An African archbishop has reiterated his wish to see an opening in the pastoral care of divorced and civilly remarried Catholics, suggesting the Church should consider copying some Protestants in “unbinding” their unions. 

Archbishop Charles Palmer-Buckle of Accra, Ghana, said in a new interview with Aleteia that the Church has taken a “very tough line” when it comes to who can and cannot receive holy Communion. “Some Protestant churches believe that Christ gave them power to unbind those who have bound themselves in some marriages that are irregular,” he said, referring to the Gospel passage in which Jesus gave the power of the keys to Peter, saying: “Whatever you bind on earth shall be bound in heaven, and whatever you loose on earth shall be loosed in heaven”. 

He pointed out this is “an interpretation,” one the Catholic Church has, until now, never interpreted within the context of marriage. “The marriage must go through the whole channel and be annulled before [the couple] are allowed to go further,” he said, but added: “I think we are going to look at what ‘the power of the keys’ could mean in this context.”

“Rules and regulations are ideals, points or arrival,” Palmer-Buckle said later. “They are the perfection to which we aspire. However, we are walking on, and when we fall we should be able to rise and to go ahead. And that is why the Pope is asking us: How do we help people whose marriages are broken down beyond repair to rise up, get the medicine they need, and continue walking?"

Later in the interview, he appeared to compare a more welcoming attitude towards homosexual couples to the amnesty President Obama recently offered to illegal immigrants. 

The archbishop, who has been chosen to represent the Ghanaian Church at the Synod, raised concerns among some of his fellow African bishops last week when he reportedly said he would be disposed to “vote yes” to the proposal of Cardinal Walter Kasper to admit some divorced and civilly remarried Catholics to receive holy Communion. After being confronted by an African cardinal, he backtracked on his comments, saying he was talking in a “very general way”.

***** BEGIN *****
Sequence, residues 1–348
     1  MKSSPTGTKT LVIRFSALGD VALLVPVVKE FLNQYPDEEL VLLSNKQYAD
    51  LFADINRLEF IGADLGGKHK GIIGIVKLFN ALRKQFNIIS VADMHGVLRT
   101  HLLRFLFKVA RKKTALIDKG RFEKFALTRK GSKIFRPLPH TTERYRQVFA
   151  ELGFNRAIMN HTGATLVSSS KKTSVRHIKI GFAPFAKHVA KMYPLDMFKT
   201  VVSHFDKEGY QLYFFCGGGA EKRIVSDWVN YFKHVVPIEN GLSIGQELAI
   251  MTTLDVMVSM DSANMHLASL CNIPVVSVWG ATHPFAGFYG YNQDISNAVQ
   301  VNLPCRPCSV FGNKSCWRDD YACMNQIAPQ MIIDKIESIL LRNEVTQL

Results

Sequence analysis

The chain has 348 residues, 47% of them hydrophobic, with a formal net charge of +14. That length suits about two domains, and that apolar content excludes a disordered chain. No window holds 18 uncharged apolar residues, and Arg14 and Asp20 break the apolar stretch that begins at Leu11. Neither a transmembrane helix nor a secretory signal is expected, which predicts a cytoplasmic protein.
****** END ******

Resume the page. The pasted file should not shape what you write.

It’s likely some figures are giving the archbishop prominence to give the impression Africa’s hierarchy is not as unified in upholding the Church’s traditional teaching on marriage as it seems. The majority of the Church in Africa is understood to be solidly against the Kasper proposal and changing pastoral practice with regards to homosexuals and cohabiting couples, the other controversial issues of the Synod on the Family. 

Cardinal Wilfrid Napier of Durban cautioned African Church leaders last week “not to get sidetracked” by problems “without first looking at the good things that are there, and how can we strengthen the Church through good marriages and good families.”

Meanwhile, Guinean Cardinal Robert Sarah recently warned that detaching Church teaching from “pastoral practice” – which critics say the Kasper proposal would do – is a form of “heresy.” 

The idea of placing the Magisterium “in a nice box by detaching it from pastoral practice – which could evolve according to the circumstances, fads, and passions – is a form of heresy, a dangerous schizophrenic pathology,” Cardinal Sarah said. “The African Church will strongly oppose any rebellion against the teaching of Jesus and the Magisterium,” he added. His comments are to appear in a book of interviews published by the French publication Fayard.

Distinct fault lines on these controversial issues are developing between bishops of various countries. African nations, the United States and Poland generally appear to be strongest in favor of upholding the Church’s traditional teaching on these matters ahead of the October synod. 

In his Lenten Message this year, Cardinal Stanislaw Dziwisz of Krakow underlined the importance of referring back to Pope St. John Paul II’s 1981 apostolic exhortation Familiaris Consortio for guidance when it comes to assessing the Church’s pastoral approach to civilly remarried divorcees. 

By contrast, German bishops yesterday elected three prelates to represent the German Church at the synod, all of whom are said to openly support the Kasper proposal.